The Enneagram in the Military

Although the military sector is just beginning to use the Enneagram, it is a fertile place to develop Emotional Intelligence with the Enneagram. While the military culture can be thought of as traditional, it can also be quite innovative, a result of the demands on them to develop excellent leaders who can set vision and direction but also create strong, team-based units. Because military personnel, particularly at the leadership level, change jobs on a regular basis, they must be up-and-running in their new roles within a short time period; otherwise, the consequences for their units and their countries can have far-reaching results. In addition, many military leaders, upon leaving the military, join the private or public sectors in leadership positions. Thus, leadership development for the armed services provides value beyond the military itself.

As an example, in 2008, the German military added a five-day, two-part training module on leadership development to the MBA for Officers, a course designed to prepare German military officers for transferring their skills from a military to a civilian setting. Although the officers had been exposed to other personality models during their training, the Enneagram was selected as the model on which to base this training with a focus on helping the officers to understand themselves better and how their personality influences their leadership style, and to provide ways to improve their emotional and social intelligence skill set. The result? These officers say that they wish they had been exposed to the Enneagram much earlier in their careers.

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CJ Fitzsimons was a young research mathematician in Ireland in the 1980s when he first noticed how interpersonal challenges could derail a project among even the brightest minds. That's when he decided to make developing leadership skills his own personal research project and his professional focus. Today, he continues to refine his Leadership Sculptor approach (based on the Enneagram, Psychodrama, Performance Coaching, and Tai Chi), while also providing in-depth coaching and conducting workshops internationally. He is co-editor and co-author of International Project Management - Working Together Interculturally (dtv, in German).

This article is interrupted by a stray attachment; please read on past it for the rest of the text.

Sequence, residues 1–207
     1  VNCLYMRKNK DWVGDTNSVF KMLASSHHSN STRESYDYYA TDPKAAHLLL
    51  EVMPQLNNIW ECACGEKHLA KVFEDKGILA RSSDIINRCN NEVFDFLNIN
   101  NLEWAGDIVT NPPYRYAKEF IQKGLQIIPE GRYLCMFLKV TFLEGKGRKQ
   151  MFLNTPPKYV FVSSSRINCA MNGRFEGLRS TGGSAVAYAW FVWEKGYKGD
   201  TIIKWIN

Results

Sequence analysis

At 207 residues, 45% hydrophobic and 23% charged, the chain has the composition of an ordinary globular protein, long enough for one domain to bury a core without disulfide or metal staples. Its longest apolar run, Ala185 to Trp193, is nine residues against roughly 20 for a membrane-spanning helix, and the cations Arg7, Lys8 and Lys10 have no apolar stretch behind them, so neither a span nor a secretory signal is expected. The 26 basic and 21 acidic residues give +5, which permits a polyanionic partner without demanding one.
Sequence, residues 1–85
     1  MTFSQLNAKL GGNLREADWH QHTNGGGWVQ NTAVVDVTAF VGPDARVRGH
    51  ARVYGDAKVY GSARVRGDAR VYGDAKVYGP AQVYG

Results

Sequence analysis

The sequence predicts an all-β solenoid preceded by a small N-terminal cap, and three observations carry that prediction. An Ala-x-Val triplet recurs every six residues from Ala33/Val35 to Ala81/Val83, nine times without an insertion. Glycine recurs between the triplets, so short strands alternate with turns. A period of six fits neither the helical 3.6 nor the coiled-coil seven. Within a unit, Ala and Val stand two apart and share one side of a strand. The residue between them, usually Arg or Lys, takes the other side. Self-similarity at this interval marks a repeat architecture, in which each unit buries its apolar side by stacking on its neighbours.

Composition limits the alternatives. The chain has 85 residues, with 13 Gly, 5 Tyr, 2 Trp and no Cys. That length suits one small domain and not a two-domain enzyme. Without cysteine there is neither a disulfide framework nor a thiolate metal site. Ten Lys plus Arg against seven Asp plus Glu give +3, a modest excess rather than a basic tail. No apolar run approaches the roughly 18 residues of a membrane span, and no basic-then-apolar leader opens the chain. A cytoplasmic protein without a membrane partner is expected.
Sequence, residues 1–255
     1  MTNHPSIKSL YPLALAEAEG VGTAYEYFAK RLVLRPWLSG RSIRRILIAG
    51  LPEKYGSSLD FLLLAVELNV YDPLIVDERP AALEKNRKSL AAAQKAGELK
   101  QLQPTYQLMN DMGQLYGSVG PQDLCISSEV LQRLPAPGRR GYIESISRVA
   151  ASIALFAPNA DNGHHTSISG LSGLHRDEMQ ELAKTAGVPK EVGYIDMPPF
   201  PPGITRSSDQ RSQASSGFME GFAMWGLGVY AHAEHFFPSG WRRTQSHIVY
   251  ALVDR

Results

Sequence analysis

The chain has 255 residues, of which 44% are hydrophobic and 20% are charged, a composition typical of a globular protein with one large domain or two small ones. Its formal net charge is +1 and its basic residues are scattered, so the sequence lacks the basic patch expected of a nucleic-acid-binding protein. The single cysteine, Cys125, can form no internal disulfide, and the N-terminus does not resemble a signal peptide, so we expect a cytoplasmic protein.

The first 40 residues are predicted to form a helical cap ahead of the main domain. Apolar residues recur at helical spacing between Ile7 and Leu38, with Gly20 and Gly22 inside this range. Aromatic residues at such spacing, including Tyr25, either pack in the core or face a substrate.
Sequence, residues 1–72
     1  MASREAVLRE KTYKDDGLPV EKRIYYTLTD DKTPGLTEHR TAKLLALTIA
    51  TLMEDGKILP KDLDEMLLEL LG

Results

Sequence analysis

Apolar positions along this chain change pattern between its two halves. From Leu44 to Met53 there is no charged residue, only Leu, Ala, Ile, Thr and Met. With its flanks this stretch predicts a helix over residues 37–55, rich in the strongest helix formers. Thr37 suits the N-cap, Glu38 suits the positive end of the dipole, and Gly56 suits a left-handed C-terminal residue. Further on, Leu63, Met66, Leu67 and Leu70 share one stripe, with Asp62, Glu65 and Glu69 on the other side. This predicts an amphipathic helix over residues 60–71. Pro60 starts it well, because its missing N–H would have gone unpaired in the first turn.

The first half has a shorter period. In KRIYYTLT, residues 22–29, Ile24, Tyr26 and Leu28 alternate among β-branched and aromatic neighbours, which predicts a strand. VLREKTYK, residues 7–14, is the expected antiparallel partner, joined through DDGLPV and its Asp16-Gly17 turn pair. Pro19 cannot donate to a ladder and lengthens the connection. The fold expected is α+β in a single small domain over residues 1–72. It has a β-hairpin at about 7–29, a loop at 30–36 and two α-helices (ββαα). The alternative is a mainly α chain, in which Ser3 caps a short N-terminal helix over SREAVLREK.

He believes that everyone has leadership qualities and his passion is helping people to let these qualities emerge. The Italian sculptor Michaelangelo put it so well: "In every block of marble, I see a statue as plain as though it stood before me, shaped and perfect in attitude and action. I have only to hew away the rough walls that imprison the lovely apparition to reveal it to the other eyes as mine see it."

CJ's role is to help people sculpt their own leadership through helping them recognize the contours of their leadership profile and equipping them with the tools necessary to allow it to emerge.